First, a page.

It is perhaps useful to look at market patterns and history before making the decision to sell.  According to Fidelity International, an investor who invested in the FTSE All Share Index for the last fifteen years, but missed the best ten days would have achieved an annualised return of 1.46%, against 5.69% by those investors that remained invested. Missing the best forty days reduced your annualised return to -5.62!

Often the largest returns are achieved shortly after these falls, so the message is simple. Provided you have a clear investment strategy and review process in place, you should hold your nerve and investments, and over the medium and longer term you will be rewarded.

Like a game of Top Trumps, if you hold the quality cards you win over the longer term.

For a review of your pension and investments, please contact Antony Keen by emailing antony.keen@pmm.co.uk or by calling 01254 679131.

Scam Alert – A notice to clients and contacts to remain vigilant

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The latest scam to sweep the internet is clever. With this one, we’re not talking about a person in Nigeria claiming that he has £1,000,000 that he’d like to send you. The scam is seemingly a referral marketing tool promising you £75 for “signing up” and a further £25 if you refer a friend and they sign up.

All you have to do is provide 2 forms of ID which confirm your name, address and date of birth. You also need to provide your bank account details to receive the £75 and subsequent referral payments. Easy right? Whilst you will (and many have!) receive the money, have you thought about the consequences of divulging your information?

What you are essentially doing is facilitating identity fraud. A limited company set up in your name, using the details you have provided and registered to your home address. You will be registered as the sole director.

This company probably used to conduct an illegal activity of some sort, including but not limited to, money laundering or selling counterfeit goods. Given you’ve provided all the necessary information, the scammers will most likely open a bank account in your name, run up debt and ruin your credit history. This creates issues for the individual on both a personal and professional level. In extreme cases, you could potentially end up with a criminal record.

If you think you have fallen victim to this scam, or one which sounds similar, you need to arrange for the company to be struck off at Companies House. This will cost you £10 and you will need to fill in form DS01. A small price to pay to avoid the potential consequences. You should also notify the Police. There is however little they can do. There has been no ID theft involved as you willingly provided your ID to the scammers. Notifying the Police will at least alert them to the issue and will go towards helping build a case against those responsible for the scam. Lastly, you should contact your bank and close your account. Whilst this may seem extreme, you have no idea where your bank details have been passed on to and where they may be used in the future.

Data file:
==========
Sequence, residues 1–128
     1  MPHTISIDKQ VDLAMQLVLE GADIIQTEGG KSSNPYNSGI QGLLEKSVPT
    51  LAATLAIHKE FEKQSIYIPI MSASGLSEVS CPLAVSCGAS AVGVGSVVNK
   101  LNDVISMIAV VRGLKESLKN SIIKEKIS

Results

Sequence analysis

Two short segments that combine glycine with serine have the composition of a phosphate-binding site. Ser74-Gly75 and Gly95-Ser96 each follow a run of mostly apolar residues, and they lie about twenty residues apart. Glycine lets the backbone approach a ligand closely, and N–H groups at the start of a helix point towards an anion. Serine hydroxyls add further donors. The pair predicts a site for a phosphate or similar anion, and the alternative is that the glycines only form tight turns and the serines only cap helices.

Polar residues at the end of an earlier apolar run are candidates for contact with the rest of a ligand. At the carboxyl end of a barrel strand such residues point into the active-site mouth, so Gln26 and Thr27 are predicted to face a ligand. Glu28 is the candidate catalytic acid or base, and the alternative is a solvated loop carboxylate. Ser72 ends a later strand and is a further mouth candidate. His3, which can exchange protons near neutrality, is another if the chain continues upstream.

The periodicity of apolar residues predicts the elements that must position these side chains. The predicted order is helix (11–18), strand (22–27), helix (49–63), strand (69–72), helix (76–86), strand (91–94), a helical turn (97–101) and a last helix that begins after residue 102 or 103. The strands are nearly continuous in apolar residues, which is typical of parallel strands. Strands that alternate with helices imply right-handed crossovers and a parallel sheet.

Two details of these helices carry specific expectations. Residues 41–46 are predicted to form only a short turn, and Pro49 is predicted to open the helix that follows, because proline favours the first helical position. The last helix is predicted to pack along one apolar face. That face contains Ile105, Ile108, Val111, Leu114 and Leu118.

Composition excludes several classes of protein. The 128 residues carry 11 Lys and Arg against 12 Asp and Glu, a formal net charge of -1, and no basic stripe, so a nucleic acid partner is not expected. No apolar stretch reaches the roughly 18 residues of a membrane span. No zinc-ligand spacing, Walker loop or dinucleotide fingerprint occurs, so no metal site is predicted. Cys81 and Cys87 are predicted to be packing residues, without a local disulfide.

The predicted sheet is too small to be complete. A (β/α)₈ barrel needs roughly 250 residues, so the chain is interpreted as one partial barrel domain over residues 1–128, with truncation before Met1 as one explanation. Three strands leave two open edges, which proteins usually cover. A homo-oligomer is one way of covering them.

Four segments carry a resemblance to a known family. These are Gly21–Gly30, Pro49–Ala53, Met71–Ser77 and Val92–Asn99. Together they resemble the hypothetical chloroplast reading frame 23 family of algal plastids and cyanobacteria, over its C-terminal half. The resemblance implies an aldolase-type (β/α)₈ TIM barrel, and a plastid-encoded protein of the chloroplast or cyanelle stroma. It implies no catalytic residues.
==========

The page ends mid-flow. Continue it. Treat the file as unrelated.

Should you have further questions, the PM+M team are on hand to help. Please call us on 01254 679131. No question is too silly and what’s most important to us is that our clients and contacts protect themselves in the best way that they can.

 

 

 

Pendleside Corporate Challenge

Picture taken by Tom Wright

Picture taken by Tom Wright

The PM+M team have been fundraising over the last couple of months as a part of the Pendleside Hospice Corporate Challenge. Over 25 companies took part in the challenge to raise as much money as possible. The challenge closed with an awards ceremony on Thursday 20 October at Burnley Mechanics. The PM+M team organised numerous “dress-down” days, a quiz for 75 local business professionals and sold raffle tickets which all added up to an impressive total of £1,303.47 raised for the hospice.

Pendleside Hospice enhances the quality of life for people with life-limiting illnesses, by delivering specialist and holistic care. Pendleside address their individually assessed physical, psychological, social and spiritual needs. This care is free of charge to those they serve and relies on the kindness of donations.

Neil Welsh, PM+M Financial Advisor, said of the event “It has been great to be associated with the Corporate Challenge and to support a number of the fundraising events. I have attended two black-tie events including the final awards night, an evening of drinking-games (don’t ask!) and a quiz-night, buying an inordinate amount of raffle-tickets along the way!”

Helen Binns, PM+M Director and Head of the Burnley office, added “We’ve been very proud to take part in the Corporate Challenge this year and it’s been a fantastic series of events. There has been a lot of great fundraising ideas and it’s been fantastic to see all the companies involved support each other’s events to raise as much money as possible for such a worthy cause. We can’t wait to start it all again next year!”